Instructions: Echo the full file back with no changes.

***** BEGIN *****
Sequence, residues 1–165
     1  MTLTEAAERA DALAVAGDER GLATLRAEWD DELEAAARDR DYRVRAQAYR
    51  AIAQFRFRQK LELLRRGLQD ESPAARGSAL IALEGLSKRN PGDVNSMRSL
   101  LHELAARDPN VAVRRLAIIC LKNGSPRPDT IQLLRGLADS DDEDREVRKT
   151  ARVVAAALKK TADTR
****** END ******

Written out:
Sequence, residues 1–165
     1  MTLTEAAERA DALAVAGDER GLATLRAEWD DELEAAARDR DYRVRAQAYR
    51  AIAQFRFRQK LELLRRGLQD ESPAARGSAL IALEGLSKRN PGDVNSMRSL
   101  LHELAARDPN VAVRRLAIIC LKNGSPRPDT IQLLRGLADS DDEDREVRKT
   151  ARVVAAALKK TADTR